You would probably assert that you love your kids more than life itselfâ€”that you’d throw yourself in front of a train for them. Yet, if you could bring yourself to be fully honest on this deeply personal topic, you might also admit that there are times when you just don’t like them very much. They’re misbehaving, they have a snotty attitude, they’re causing you trouble, not listening, or acting disrespectfully. They’re just a pain in the butt.
Go ahead. Fess up because you’re not the only one. Motherhood is not a state of constant bliss. No one ever said it would be. Fortunately, if you get tuned in to what’s happening, in time, you can use those unpleasant moments for your own benefit as well as for the benefit of your child.
Here are three things to consider when you feel like you birthed a monster.
1. Ask yourself what happened to you today that shifted your attitude, shortened your temper or severed your patience. Maybe you had a particularly difficult day: you’re overworked, tired or stressed, and it’s actually the monster in you that has reared its ugly head.
It’s so easy to blame your frustration on someone else, but if you’ve been heating up for some time, your child might merely be the straw that breaks the camel’s back. I sometimes ask therapy clients to think of their emotional system as a big soup pot. Each ignored feeling adds another dipper full of soup to the pot until it comes dangerously close to spilling over the rim. Your soup might be simmering away even before your little one shoves his sister down the stairs or knocks over your favorite lamp on his rampage through the living room. The trick is to maintain the level of your soup (your feelings and stresses) relatively low down in the pot so that a bad behavior from your child doesn’t result in your pot boiling over. Believe me, your child picks up on your stress and can act out in imitation of you. Sometimes his misbehavior is a reaction to your sense of vulnerability and weakness. So put on a happy face for your own good and for his. Then take care of yourself.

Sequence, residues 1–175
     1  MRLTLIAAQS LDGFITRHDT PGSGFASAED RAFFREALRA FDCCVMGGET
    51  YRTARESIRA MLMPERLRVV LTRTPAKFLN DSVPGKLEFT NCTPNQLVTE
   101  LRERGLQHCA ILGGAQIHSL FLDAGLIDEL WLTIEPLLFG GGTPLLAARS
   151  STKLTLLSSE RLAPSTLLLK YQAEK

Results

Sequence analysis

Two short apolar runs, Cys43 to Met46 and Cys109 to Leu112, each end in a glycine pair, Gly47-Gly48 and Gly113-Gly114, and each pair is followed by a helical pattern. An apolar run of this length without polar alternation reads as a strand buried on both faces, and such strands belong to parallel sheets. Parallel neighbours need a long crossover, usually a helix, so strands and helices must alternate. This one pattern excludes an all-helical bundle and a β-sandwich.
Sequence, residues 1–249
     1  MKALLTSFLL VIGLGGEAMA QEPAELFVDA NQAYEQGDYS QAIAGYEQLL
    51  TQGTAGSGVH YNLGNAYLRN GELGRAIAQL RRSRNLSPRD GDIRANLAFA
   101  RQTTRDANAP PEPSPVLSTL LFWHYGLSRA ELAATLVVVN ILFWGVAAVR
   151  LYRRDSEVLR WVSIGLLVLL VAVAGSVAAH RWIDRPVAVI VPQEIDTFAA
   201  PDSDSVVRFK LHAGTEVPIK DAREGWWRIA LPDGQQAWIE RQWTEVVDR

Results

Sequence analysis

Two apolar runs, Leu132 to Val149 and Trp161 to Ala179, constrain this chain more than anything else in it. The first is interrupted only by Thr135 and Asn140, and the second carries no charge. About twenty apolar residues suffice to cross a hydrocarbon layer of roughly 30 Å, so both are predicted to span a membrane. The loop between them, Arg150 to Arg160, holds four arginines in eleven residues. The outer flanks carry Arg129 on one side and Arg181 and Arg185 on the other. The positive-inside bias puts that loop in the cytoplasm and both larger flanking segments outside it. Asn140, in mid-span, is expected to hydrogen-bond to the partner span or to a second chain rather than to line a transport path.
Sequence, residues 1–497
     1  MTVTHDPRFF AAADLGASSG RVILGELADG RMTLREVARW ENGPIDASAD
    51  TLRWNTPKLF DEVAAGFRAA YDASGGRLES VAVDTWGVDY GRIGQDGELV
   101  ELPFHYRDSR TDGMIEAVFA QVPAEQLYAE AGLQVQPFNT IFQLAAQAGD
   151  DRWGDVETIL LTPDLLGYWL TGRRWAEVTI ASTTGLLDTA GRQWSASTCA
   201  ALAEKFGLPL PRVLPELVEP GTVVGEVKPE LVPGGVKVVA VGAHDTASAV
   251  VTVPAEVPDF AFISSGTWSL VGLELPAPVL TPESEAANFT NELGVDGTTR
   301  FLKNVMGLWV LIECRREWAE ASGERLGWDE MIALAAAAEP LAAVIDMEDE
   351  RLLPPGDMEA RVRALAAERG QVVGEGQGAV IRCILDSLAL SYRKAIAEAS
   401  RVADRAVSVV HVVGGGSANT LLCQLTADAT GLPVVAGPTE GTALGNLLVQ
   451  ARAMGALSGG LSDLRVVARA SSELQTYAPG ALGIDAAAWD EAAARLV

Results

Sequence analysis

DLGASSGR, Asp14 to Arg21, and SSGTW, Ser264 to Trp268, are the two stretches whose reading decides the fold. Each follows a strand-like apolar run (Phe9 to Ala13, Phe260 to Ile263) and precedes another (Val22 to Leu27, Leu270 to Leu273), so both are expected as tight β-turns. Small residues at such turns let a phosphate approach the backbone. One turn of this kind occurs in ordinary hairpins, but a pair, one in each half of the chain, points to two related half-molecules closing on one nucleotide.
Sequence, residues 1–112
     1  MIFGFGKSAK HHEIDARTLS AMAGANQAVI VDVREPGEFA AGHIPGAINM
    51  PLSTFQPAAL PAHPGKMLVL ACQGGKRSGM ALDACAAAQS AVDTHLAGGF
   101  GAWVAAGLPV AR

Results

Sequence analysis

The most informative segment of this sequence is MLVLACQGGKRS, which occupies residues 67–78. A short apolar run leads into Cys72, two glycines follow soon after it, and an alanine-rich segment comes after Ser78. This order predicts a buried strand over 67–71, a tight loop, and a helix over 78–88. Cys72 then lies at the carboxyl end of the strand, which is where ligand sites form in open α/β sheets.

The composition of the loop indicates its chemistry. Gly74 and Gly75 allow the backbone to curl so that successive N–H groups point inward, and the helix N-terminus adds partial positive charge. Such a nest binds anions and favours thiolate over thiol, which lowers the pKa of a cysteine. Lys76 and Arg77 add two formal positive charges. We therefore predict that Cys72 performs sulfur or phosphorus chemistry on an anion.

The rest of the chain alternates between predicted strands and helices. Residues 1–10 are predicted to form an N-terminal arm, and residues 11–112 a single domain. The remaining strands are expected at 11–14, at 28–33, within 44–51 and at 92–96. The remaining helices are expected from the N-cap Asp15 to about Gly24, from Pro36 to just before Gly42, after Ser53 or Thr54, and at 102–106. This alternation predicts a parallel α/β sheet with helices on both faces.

– Give yourself a time out. Explain to your kids that you need to step away, take a breath and collect yourself.
– Schedule alone time: a bubble bath, your favorite magazine or an art project. Put a sign on the door that says, “Please do not disturb. Mom needs 30 minutes.”
– Take a refreshing walk and ask your spouse, a neighbor or the babysitter to watch the kids for a while.
– Plan some leisure or play time–even when you think you can’t spare a minute. It’s worth it to everyone in the family.
– Spend time in adult, non-work activities. You owe it to yourself to re-balance your life.
– Make a date with your spouse. A little romance is a great antidote to too much mommy time.